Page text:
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How this off-season complicated a potential Kawhi Leonard contract extension

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Chris Covatta

NBA free agency is winding down. Obviously, LeBron made the most headlines, and the situation with Kevin Love will drive the rumor mill for the foreseeable future. The East looks less top heavy and the West remains as tough as ever. Those are perhaps the biggest takeaways. But what this past free agency did was give us a glimpse into how the market has shifted. And that's something that impacts the Spurs directly, especially when it comes to figuring out how to proceed with Kawhi Leonard's impending restricted free agency.

Gordon Hayward rejected a contract extension offer from the Jazz and entered restricted free agency, hoping to get a better deal. The Jazz didn't feel any pressure because they knew they could match any offer he could receive. Hayward reportedly held out on those initial talks because he had seen Paul George get the max and thought he could get a similar or slightly smaller contract. And sure enough, he did. The Hornets needed wing talent and signed him to an offer sheet worth the maximum they could offer.

Kawhi Leonard will enter free agency next season if the Spurs don't extend his contract. He will be attractive to any team with cap space and a hole at the wing, just as Hayward was this past season and Eric Gordon in 2012. And because so many teams have cap space, now that contracts are shorter, there won't be a shortage of suitors. So it's really not a question of whether he can get the max as a restricted free agent or not. He will get it if he's in that position. But that's not necessarily a bad thing.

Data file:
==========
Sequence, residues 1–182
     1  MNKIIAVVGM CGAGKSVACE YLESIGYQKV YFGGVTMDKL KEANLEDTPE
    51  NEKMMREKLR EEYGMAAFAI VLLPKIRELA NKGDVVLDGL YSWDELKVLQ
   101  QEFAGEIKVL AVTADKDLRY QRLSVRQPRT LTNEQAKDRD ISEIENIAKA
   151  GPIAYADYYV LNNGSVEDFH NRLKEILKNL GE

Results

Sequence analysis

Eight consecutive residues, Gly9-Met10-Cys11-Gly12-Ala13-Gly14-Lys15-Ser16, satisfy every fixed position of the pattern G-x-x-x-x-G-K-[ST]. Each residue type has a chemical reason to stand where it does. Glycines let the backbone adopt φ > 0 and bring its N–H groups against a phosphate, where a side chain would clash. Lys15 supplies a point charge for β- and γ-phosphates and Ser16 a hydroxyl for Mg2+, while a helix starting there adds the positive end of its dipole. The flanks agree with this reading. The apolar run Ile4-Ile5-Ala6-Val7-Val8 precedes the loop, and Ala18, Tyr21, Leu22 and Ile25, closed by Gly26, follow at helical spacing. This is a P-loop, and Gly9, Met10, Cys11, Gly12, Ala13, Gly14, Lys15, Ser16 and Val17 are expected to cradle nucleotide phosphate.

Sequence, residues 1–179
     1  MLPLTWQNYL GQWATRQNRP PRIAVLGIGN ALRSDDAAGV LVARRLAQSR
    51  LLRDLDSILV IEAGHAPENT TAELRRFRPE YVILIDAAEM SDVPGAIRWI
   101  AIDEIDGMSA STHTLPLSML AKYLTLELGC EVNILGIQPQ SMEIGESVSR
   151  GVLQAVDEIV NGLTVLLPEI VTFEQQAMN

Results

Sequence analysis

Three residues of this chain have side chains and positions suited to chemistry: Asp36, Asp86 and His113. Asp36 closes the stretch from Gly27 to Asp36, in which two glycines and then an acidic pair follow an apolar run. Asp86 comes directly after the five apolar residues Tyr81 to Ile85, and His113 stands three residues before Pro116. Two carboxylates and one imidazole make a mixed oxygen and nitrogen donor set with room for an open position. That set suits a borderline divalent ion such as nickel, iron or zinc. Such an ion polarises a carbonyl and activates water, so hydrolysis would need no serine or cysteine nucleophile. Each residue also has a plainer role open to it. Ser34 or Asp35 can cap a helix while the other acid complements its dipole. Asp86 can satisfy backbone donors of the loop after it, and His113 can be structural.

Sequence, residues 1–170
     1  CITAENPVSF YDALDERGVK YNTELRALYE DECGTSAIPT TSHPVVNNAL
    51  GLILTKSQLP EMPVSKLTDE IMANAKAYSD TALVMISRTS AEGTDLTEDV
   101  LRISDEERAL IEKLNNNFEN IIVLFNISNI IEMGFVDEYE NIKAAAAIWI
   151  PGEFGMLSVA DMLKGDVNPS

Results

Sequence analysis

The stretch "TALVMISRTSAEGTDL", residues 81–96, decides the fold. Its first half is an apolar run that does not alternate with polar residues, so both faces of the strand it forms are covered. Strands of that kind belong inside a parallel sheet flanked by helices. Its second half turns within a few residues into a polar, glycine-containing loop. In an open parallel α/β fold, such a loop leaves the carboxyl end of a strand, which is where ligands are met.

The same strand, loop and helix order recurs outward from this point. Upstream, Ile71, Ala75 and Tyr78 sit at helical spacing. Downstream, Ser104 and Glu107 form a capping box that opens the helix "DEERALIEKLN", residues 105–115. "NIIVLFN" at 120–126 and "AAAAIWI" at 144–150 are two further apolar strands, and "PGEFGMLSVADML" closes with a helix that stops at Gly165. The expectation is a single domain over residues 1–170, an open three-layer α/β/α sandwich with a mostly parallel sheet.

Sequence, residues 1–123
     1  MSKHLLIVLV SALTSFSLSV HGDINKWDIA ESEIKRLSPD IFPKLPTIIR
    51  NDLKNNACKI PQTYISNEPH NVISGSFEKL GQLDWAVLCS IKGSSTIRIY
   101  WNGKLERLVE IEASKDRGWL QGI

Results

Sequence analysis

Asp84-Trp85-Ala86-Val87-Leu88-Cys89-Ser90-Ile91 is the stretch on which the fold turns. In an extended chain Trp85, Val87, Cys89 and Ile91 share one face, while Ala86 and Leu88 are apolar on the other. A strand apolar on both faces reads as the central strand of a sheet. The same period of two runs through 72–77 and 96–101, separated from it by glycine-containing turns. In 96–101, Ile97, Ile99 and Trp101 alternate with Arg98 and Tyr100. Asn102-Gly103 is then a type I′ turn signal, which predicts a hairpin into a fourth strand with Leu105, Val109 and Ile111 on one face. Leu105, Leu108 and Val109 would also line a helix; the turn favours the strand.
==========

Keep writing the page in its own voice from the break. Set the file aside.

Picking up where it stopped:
If the Spurs offer Leonard a five-year max extension, exactly like the one Kyrie Irving just signed, that would pay him roughly $90 million over five years. The most any other team can offer him is the type of offer sheet Hayward signed: a little under $70 million for four years. Because they have his Bird rights and because the new CBA tried to make it easier to retain young players, the Spurs are the only team that can offer that fifth year and 7.5% annual increase as opposed to the 4.5% bumps Kawhi would get with any other team.

So the Spurs don't seem to have a clear motivation to extend him and should just wait for restricted free agency unless they can convince Leonard and his agent to take less than the max now. Kawhi has little leverage so he might decide to sign a four year extension for slightly below the max with the Spurs and simply get the same amount he would have gotten by signing a max offer sheet from another team. That way, he doesn't have to worry about seeing his stock drop after getting hurt (not that it stopped the Suns from maxing out an injured Gordon) or having a down year.

Letting him enter restricted free agency and matching an offer sheet would help the Spurs secure Leonard's services more cheaply than offering him an extension. The problem is that by not securing the five-year max extension right off the bat, the Spurs are opening themselves up to uncertainty.

Let's assume for a second that Leonard wants the full five-year max that only the Spurs can offer. And let's assume the Spurs are not ready to make that commitment because they know they have the tools to get him back on a cheaper contract. So we head into restricted free agency. Now, once Leonard becomes a free agent, the rules about extensions stop being in effect, which means the Spurs can then offer him a five-year contract that isn't required to be for the max. That's the best case scenario for the Spurs and is not an option until he becomes a free agent.